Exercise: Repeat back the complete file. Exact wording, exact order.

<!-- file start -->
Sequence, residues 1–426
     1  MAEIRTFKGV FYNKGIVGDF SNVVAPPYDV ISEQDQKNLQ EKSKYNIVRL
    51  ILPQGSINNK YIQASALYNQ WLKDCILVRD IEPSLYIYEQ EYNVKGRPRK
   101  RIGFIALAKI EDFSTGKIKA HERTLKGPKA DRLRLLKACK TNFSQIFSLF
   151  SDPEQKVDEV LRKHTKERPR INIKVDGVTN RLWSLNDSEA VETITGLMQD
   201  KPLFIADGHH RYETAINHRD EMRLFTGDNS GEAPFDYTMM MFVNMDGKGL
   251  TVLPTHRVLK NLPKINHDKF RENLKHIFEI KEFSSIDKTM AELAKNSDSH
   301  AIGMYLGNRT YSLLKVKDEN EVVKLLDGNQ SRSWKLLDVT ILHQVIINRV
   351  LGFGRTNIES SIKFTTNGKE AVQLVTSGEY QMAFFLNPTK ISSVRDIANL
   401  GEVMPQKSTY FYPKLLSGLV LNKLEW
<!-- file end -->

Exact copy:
Sequence, residues 1–426
     1  MAEIRTFKGV FYNKGIVGDF SNVVAPPYDV ISEQDQKNLQ EKSKYNIVRL
    51  ILPQGSINNK YIQASALYNQ WLKDCILVRD IEPSLYIYEQ EYNVKGRPRK
   101  RIGFIALAKI EDFSTGKIKA HERTLKGPKA DRLRLLKACK TNFSQIFSLF
   151  SDPEQKVDEV LRKHTKERPR INIKVDGVTN RLWSLNDSEA VETITGLMQD
   201  KPLFIADGHH RYETAINHRD EMRLFTGDNS GEAPFDYTMM MFVNMDGKGL
   251  TVLPTHRVLK NLPKINHDKF RENLKHIFEI KEFSSIDKTM AELAKNSDSH
   301  AIGMYLGNRT YSLLKVKDEN EVVKLLDGNQ SRSWKLLDVT ILHQVIINRV
   351  LGFGRTNIES SIKFTTNGKE AVQLVTSGEY QMAFFLNPTK ISSVRDIANL
   401  GEVMPQKSTY FYPKLLSGLV LNKLEW